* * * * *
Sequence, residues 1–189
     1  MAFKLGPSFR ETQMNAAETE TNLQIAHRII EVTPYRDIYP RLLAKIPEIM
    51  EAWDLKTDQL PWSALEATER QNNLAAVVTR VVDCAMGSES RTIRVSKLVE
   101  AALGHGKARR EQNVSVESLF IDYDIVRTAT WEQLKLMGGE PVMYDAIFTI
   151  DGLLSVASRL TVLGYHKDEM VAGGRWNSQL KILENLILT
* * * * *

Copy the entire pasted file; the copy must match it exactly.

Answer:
Sequence, residues 1–189
     1  MAFKLGPSFR ETQMNAAETE TNLQIAHRII EVTPYRDIYP RLLAKIPEIM
    51  EAWDLKTDQL PWSALEATER QNNLAAVVTR VVDCAMGSES RTIRVSKLVE
   101  AALGHGKARR EQNVSVESLF IDYDIVRTAT WEQLKLMGGE PVMYDAIFTI
   151  DGLLSVASRL TVLGYHKDEM VAGGRWNSQL KILENLILT